Ngati Huarere
ki Whangapoua 

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Our History

Ngati Huarere derives its name from our eponymous ancestor Huarere who was the Grandson of Tamatekapua - the Ariki of Te Arawa waka.  Settling at Te Moengahau o Tamatekapua (Moehau), Huarere held mana whenua over much of north Coromandel and the Hauraki Gulf during the 1700's. Being a very strategic Chief he arranged his Pa so two Pa were always in view of each other. They were able to communicate over the distance between them through the use of smoke.  Ngati Huarere were known as great Pa builders and during times of conflict built their Pa in trees. Ngati Huarere is now located majorly in the Whangapoua basin. It extends North to Motukopu at Wainuiototo (New Chums) and South to Kuaotunu and into the ranges taking in much of the forest.  Motutere also known as Castle Rock is a significant rock formation which stands proudly within our rohe. 

Hamiora Mangakahia was born in 1838 to Riria Poau (Ngati Huarere) and Piripi Te Aue Te Ikatoroa (Ngati Kahungunu). From childhood he was exposed to the new commercial world arising from contact with Europeans. Through watching on as his mother Riria had direct dealings with the timber contractors of the time and later observing his older brother Mohi Mangakahia who had been deprived of much of his land, he learned a profound and lasting distrust of Europeans. Mohi, who was a Native Land Court agent involved in politics, was expected to stand for election to the Western Maori seat in Parliament in 1876, but he died in 1875. Hamiora was the heir to both his brother's influence and his problems. Hamiora was elected Premier of the Kotahitanga movement on 17 June 1892. Just four days later he presented a bill requesting that a petition be sent to the colonial parliament asking that all legislation on Maori land and people cease, and that Maori be empowered to make their own laws. He continued to take an active role in the Kotahitanga Parliament and land issues until his death in 1918.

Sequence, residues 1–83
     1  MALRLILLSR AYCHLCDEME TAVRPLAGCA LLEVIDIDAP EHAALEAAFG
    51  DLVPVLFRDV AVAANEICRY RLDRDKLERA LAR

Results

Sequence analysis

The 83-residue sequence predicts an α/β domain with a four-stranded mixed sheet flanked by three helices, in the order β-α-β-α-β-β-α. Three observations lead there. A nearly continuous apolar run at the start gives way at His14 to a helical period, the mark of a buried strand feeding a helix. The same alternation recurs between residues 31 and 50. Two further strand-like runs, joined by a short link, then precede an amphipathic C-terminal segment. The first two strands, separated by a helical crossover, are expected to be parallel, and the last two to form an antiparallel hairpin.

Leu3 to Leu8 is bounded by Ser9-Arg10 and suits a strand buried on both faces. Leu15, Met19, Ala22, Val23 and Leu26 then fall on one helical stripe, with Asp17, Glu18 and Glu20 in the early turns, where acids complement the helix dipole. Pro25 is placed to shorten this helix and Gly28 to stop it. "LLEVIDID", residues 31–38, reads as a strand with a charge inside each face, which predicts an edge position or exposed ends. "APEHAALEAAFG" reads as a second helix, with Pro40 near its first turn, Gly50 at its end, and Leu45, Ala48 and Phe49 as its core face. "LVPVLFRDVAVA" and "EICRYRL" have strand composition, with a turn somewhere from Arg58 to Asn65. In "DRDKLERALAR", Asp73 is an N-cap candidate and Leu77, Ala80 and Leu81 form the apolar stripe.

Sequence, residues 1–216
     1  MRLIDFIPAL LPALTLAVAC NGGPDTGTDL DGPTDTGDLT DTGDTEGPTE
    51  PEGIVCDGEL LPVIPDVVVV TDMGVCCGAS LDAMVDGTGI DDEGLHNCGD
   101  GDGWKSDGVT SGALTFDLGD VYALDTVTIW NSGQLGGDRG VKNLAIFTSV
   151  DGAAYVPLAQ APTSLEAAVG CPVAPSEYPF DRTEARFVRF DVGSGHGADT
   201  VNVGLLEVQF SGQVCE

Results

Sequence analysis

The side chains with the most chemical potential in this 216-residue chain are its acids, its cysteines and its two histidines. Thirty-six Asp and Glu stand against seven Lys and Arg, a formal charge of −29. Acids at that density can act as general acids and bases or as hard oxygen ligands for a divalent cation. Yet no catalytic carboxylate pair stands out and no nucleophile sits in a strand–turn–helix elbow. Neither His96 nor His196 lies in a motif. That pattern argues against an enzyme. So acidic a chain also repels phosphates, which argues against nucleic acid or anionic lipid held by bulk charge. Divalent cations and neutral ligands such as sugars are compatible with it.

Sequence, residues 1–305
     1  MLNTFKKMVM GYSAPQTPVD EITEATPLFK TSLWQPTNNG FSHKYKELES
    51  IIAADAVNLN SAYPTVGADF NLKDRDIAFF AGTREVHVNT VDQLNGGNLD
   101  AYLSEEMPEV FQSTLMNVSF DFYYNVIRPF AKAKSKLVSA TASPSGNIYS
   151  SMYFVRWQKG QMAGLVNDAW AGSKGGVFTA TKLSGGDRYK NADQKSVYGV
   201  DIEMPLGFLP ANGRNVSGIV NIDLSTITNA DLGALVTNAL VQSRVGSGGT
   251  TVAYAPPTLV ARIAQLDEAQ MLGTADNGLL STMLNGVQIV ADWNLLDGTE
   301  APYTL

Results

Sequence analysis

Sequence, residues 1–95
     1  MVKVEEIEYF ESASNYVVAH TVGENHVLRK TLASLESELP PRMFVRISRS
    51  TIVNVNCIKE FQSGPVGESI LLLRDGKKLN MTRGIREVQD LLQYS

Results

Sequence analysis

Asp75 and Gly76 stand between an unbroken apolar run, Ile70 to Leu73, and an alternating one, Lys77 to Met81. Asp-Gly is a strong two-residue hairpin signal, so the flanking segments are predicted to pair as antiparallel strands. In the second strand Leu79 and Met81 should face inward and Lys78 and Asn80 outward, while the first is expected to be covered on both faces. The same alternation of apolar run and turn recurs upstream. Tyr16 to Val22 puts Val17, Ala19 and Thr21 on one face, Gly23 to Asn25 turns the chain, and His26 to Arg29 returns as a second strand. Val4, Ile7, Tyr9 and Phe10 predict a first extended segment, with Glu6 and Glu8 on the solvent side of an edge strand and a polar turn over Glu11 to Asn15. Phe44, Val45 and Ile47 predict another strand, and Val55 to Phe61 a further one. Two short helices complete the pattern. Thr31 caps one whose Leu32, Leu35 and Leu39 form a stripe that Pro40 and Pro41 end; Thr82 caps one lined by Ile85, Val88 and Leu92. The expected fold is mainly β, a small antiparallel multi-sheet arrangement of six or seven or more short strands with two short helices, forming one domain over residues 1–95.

Contemporary: Richard Seddon

An extremely noteworthy mention of Meri Te Tai Mangakahia, third wife of Hamiora Mangakahia (1868–1920) of Te Rarawa, was born in the Hokianga district. At a meeting of the Parliament in Hawke’s Bay in 1893 Meri Te Tai Mangakahia presented a motion requesting that women participate in the selection of members of parliament. She later addressed the parliament on her motion - the first woman recorded to have ever done so. During her speech she urged that women should not only be allowed to vote, but also to become members in the Māori Parliament. In her view many Māori women owned lands in their own right and should have a say. Her work and that of other NZ women resulted in NZ being the first country in the world to allow women to vote. 

Contemporary: Kate Shepherd

Our Future

Our kaupapa is to promote and safeguard the spiritual, social, cultural, physical and economic wellbeing of the descendants of Ngati Huarere. We urge all of our people to embrace their heritage and become a part of this shared future.